While cloth has no hardness listed, you might consider sailcloth to be heavier stuff, with at least a small bit of hardness to help, but there's no reason a sail couldn't also be made from special materials, like darkleaf cloth (hardness 10, and much higher hit points). An expensive prospect, but an incredible investment, especially if treated with flame resistant coating.


Pizza Lord wrote:
Logically, ships and sails and such could be magically treated to not only resist fire (in the case of fireball) but to also be more durable. There's already rulings on magically-treated walls in the Dungeon section. There's no reason that ships can't also be treated similarly.

It should also be noted that canvas sails are not tissue-paper. They're rather thick and substantial, and were coated with various substances IRL to render them less porous to the wind and to ward off rotting due to withering tropical sun, insects, and salt spray.

Basic element-damage protection would be an integral factor of wooden sailing ship maintenance in a magical world, and the bigger or richer the ship, the more it would likely have.

As well, a sailing low-in-the-water merchantman would represent a rich prize to pirates; the last thing they're going to do is firebomb it if they're of a mind to capture -- until their plans go pear-shaped, of course (probably due to the interference of the PCs).

Pizza Lord wrote:
A cannon, on the other hand, is likely considered a siege weapon and may ignore hardness or ignore the half damage from ranged attacks against objects at the least.

Cannonballs will automatically punch holes in sails, but this would not materially affect ship movement unless a lot of its sails are perforated many times. The most effective use of cannon is via grapeshot massacring deck crews (who are required to operate the sails), chainshot to bring down the masts, or shell-shot to penetrate the hull and then explode, killing gun crews and touching off powder magazines.


The price for spell casting assumes you that you go to the caster and he casts it in the safety and comfort of his own dwelling. At best he may travel a short distance, probably no more than an hour. It does not include putting the spell caster in danger. That is going to multiply the cost by a lot.

The price also assumes that you go to the caster and they cast the spell. This leaves him free to charge other people for his other spells. If he is accompanying you, you probably need to purchase all of his spells every day even if they are not cast. By my estimate a 5th level wizard can make 1,000 gp per day by selling all his spells. This would mean to have a spell caster travel with you costs at least that much.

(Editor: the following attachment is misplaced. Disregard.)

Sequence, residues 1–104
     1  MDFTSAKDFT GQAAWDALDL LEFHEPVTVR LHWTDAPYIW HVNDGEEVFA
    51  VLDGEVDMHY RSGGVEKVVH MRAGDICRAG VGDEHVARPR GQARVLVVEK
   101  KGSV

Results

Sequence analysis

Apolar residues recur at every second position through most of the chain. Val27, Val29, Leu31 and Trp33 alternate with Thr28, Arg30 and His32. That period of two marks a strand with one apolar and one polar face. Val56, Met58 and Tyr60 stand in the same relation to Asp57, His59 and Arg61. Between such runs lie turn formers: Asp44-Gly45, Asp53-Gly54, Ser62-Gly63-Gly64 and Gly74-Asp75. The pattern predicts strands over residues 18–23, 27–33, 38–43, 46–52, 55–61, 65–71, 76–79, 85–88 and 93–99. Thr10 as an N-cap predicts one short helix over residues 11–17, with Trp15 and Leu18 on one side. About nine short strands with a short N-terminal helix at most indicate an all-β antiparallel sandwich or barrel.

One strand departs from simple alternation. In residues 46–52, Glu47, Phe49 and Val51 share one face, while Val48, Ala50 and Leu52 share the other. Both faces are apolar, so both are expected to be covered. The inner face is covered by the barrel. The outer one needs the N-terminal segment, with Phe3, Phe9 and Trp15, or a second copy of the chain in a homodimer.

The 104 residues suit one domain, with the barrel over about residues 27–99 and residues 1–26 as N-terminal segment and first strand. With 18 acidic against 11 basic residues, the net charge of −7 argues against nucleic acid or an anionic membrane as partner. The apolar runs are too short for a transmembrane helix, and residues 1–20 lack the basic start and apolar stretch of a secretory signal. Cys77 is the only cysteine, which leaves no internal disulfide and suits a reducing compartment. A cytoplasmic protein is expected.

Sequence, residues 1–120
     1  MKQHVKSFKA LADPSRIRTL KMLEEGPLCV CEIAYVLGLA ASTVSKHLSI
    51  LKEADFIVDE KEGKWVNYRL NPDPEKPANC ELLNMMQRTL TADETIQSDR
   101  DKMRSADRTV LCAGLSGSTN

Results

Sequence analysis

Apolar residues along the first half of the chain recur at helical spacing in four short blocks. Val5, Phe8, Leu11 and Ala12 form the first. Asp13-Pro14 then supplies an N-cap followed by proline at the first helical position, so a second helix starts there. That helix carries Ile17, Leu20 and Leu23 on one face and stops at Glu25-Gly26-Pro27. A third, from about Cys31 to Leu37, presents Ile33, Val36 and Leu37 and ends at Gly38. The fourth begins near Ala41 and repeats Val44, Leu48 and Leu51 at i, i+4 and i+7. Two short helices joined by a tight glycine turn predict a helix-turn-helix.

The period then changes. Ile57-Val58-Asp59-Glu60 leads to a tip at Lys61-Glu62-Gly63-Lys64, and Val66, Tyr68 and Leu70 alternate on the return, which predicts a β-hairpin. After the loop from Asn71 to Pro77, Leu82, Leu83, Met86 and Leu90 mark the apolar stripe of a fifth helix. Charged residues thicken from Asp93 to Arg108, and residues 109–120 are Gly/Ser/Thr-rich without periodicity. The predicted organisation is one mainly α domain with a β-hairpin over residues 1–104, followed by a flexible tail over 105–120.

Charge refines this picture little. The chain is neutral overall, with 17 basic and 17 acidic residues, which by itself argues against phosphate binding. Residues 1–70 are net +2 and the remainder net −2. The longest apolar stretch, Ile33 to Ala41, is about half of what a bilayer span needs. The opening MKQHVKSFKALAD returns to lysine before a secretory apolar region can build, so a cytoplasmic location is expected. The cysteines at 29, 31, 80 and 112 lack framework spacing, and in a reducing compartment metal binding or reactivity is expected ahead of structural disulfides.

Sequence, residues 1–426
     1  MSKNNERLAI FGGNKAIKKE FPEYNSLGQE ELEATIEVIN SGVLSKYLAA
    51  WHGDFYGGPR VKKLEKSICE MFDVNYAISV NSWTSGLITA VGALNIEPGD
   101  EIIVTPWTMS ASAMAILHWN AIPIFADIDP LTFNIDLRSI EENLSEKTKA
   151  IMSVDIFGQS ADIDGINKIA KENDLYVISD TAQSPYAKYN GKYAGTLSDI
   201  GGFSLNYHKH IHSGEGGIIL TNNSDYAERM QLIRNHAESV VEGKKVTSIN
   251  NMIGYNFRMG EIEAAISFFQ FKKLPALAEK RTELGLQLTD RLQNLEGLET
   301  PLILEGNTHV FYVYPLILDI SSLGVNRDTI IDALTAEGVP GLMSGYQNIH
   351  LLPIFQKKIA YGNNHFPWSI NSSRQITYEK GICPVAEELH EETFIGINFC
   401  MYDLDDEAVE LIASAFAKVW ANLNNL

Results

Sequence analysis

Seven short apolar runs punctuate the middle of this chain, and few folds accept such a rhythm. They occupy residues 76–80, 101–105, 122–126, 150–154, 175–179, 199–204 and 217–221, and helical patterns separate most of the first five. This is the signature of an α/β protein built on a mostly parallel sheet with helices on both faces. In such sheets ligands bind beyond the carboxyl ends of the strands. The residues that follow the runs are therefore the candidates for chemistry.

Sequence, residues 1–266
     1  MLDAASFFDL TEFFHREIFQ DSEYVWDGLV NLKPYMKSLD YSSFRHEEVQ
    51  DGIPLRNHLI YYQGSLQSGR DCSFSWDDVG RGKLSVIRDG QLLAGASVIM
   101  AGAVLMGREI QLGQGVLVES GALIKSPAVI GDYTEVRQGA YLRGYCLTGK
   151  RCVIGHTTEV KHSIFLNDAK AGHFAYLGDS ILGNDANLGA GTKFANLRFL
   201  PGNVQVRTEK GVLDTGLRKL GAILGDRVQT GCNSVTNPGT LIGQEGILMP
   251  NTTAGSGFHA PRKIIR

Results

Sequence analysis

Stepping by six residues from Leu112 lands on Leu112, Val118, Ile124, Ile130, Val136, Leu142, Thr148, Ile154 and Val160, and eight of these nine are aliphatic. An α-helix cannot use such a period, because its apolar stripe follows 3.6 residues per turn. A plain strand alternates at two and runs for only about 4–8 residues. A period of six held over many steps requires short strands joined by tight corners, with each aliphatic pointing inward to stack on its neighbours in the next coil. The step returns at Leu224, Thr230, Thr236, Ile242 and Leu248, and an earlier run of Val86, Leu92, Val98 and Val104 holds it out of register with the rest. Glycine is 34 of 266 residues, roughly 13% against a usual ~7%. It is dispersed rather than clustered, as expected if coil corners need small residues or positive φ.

So assuming the caster is doubling the cost for hazardous duty that would be about 2,000 gp per day per caster. If you hire 5 of them, that works out to about 10,000 per day or 300,000 per month. So to hire 5 5th level caster per day on a pirate ship should be about 3,600,000 gp per year. That also does not include room and board, or the fact that the spell casters may decide they deserve a share of the treasure.


Mysterious Stranger wrote:

The price for spell casting assumes you that you go to the caster and he casts it in the safety and comfort of his own dwelling. At best he may travel a short distance, probably no more than an hour. It does not include putting the spell caster in danger. That is going to multiply the cost by a lot.

The price also assumes that you go to the caster and they cast the spell. This leaves him free to charge other people for his other spells. If he is accompanying you, you probably need to purchase all of his spells every day even if they are not cast. By my estimate a 5th level wizard can make 1,000 gp per day by selling all his spells. This would mean to have a spell caster travel with you costs at least that much.

So assuming the caster is doubling the cost for hazardous duty that would be about 2,000 gp per day per caster. If you hire 5 of them, that works out to about 10,000 per day or 300,000 per month. So to hire 5 5th level caster per day on a pirate ship should be about 3,600,000 gp per year. That also does not include room and board, or the fact that the spell casters may decide they deserve a share of the treasure.

Would your adventurers make that much for traveling on a ship? If not, why not?


It's been a while since I played this AP we got to level 12. Anyways, I think we had fireproof sails on our ship by the time we stopped playing.


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Pathfinder Adventure Path, Companion, Lost Omens, Rulebook Subscriber

First thing I would say is that the ship-to-ship combat rules in Pathfinder and Scull and Shackles are not great. I'd strongly recommend the Razor Coast Fire as She Bears supplement as an alternative.